The Social Democratic Party (Sozialdemokratische Partei Deutschland, or SPD) was Germany’s oldest formal political party. Until the rise of the National Socialists (NSDAP), the SDP was also the most significant party of the Weimar era.
The SPD began in 1875, primarily as a Marxist movement formed from the union of two workers’ parties. The newly formed SPD was able to tap into a large supporter base of industrial workers and unionists.
In the 1877 Reichstag elections, SPD candidates received more than 500,000 votes and won 13 seats. While these figures made the SPD a minor party unable to influence policy, its rapid growth and increasing popularity alarmed the imperial government.
In 1878, the German chancellor, Otto von Bismarck, promulgated the first of several Anti-Socialist Laws. The pretext for this was two failed attempts to assassinate Kaiser Wilhelm I in 1878. Bismarck blamed the SPD and its Marxist ideology for fuelling revolution and terrorism.
For much of the 1880s, the SPD was targeted by numerous police raids, individual arrests, surveillance and hostile government propaganda. Several militant unions were also targeted or broken up. While the SPD continued to operate during this period, the party found it difficult to attract members or potential candidates.
The SPD moderates
The SPD survived Bismarck’s suppression and by the late 1880s was again on the rise, fuelled by a revived union movement. By the 1890s, the SPD had adopted a more moderate political position.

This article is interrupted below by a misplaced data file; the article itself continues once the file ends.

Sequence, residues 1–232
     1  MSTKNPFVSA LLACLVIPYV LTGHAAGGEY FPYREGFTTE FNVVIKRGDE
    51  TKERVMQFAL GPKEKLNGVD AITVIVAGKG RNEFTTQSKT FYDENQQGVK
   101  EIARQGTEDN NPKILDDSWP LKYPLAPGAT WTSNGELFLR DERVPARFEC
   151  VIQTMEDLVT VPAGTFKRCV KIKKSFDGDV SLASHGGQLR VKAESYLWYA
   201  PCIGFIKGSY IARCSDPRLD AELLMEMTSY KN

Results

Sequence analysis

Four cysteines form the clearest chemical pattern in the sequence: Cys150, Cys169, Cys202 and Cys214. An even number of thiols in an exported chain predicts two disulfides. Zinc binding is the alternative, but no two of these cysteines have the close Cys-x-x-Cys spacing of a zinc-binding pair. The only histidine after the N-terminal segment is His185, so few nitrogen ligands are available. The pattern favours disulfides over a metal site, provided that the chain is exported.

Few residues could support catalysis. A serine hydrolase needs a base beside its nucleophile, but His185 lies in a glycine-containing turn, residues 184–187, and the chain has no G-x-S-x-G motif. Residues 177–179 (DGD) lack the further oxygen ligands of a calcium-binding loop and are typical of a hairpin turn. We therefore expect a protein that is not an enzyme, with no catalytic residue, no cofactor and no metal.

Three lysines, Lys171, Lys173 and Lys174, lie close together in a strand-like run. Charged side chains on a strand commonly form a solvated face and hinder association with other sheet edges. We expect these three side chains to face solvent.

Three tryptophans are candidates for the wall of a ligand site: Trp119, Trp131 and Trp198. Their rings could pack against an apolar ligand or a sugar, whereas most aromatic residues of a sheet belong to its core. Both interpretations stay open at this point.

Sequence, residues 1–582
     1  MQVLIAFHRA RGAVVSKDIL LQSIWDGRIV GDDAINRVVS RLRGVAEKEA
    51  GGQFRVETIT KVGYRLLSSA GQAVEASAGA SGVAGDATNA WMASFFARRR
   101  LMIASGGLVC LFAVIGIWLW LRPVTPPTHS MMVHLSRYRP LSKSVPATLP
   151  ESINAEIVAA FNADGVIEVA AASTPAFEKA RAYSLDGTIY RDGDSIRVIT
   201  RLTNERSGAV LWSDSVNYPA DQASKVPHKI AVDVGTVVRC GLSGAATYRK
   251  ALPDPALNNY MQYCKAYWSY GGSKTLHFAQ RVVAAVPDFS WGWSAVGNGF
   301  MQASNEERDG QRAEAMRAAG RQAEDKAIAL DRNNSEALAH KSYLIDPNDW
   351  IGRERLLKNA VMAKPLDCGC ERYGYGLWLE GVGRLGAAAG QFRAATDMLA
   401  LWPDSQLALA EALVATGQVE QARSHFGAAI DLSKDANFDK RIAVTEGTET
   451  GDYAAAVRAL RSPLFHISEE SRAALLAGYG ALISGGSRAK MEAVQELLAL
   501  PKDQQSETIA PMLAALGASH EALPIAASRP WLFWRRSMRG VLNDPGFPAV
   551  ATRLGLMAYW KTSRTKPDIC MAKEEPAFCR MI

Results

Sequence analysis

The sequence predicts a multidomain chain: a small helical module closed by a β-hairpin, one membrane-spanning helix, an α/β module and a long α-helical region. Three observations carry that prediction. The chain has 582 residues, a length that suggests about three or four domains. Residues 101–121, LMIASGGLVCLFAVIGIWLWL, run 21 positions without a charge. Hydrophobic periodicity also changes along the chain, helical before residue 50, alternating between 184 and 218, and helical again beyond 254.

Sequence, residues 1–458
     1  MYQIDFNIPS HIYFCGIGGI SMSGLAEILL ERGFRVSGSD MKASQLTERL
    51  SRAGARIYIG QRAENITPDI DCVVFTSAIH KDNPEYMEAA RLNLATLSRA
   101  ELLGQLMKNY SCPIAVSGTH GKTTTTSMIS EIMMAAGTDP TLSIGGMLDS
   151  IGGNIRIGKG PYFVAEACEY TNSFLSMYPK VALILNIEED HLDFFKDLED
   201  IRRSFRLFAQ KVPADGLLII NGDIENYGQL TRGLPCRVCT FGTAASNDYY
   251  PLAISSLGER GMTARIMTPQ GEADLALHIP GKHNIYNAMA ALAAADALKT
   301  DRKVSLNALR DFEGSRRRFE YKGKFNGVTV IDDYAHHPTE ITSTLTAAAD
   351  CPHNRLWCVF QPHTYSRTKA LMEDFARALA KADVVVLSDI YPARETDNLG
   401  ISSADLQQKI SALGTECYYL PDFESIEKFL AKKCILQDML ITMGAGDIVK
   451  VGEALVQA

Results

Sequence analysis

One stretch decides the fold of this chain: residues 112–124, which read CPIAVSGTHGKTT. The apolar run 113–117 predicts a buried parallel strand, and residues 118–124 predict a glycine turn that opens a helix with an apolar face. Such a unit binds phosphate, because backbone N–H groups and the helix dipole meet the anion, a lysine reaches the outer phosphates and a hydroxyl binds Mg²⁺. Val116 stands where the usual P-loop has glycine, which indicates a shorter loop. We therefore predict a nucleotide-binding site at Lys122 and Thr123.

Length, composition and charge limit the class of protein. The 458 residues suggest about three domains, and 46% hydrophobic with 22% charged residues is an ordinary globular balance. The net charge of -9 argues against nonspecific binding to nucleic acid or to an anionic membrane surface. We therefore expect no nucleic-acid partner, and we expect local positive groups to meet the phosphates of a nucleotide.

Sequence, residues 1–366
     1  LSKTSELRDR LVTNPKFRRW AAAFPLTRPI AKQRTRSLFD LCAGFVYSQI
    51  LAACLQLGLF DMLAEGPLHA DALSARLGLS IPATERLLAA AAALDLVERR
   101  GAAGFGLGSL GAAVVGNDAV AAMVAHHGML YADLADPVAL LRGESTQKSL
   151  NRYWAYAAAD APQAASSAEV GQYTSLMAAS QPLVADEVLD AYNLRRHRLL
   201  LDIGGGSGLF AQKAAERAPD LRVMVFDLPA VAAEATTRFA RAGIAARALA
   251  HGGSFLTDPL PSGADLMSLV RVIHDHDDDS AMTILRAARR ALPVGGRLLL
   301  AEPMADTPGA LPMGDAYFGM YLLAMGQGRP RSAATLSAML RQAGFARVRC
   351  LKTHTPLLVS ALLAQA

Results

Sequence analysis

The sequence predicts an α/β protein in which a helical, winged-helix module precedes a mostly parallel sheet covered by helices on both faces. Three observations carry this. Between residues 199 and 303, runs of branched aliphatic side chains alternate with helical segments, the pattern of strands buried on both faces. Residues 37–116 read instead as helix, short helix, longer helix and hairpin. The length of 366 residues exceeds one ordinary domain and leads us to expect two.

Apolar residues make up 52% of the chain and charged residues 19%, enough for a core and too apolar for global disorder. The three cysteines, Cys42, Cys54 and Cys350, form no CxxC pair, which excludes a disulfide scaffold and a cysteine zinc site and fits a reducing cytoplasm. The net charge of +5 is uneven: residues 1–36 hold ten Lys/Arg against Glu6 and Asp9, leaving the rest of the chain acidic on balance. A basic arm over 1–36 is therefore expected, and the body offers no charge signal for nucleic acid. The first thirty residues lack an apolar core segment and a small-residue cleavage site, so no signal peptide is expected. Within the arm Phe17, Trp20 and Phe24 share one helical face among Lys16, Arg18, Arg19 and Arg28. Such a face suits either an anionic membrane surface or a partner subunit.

In the post-Bismarck era, SPD leaders and candidates urged social democratic reforms rather than a socialist revolution. They embraced causes beyond the conditions of workers, calling for improved rights for women and condemning the killing of natives by German colonials in Africa.
The numbers of SPD candidates grew steadily during the 1890s and 1900s. By 1912, the SPD had more than a million members and was the largest party in the Reichstag. It began to assert influence on public policy, achieving improvements in education and healthcare, as well as better rights and conditions for industrial workers.
The SPD also began to work with, rather than against Kaiser Wilhelm II‘s government. In 1913, the SPD supported increased taxes that were necessary to fund the kaiser’s program of military expansion.
Factionalism and splits
As is common in large political parties, the SPD’s main weakness was its ideological diversity and factionalism across its membership. With more than a million members, the SPD housed a range of views from across the political spectrum.
The party’s leadership were moderate socialists, committed to progressive reforms through democratic processes. August Bebel (the SPD’s founder and first leader) and Friedrich Ebert (Bebel’s successor) believed socialist advances could be won through parliamentary means rather than violence or revolution.
The SPD also had a right-wing, comprised of liberals and centrists, and a radical left-wing, containing hardline socialists and Marxists. The latter group embraced more radical policies such as the abolition of the monarchy and the dissolution of aristocratic titles and landed estates.
War divides the party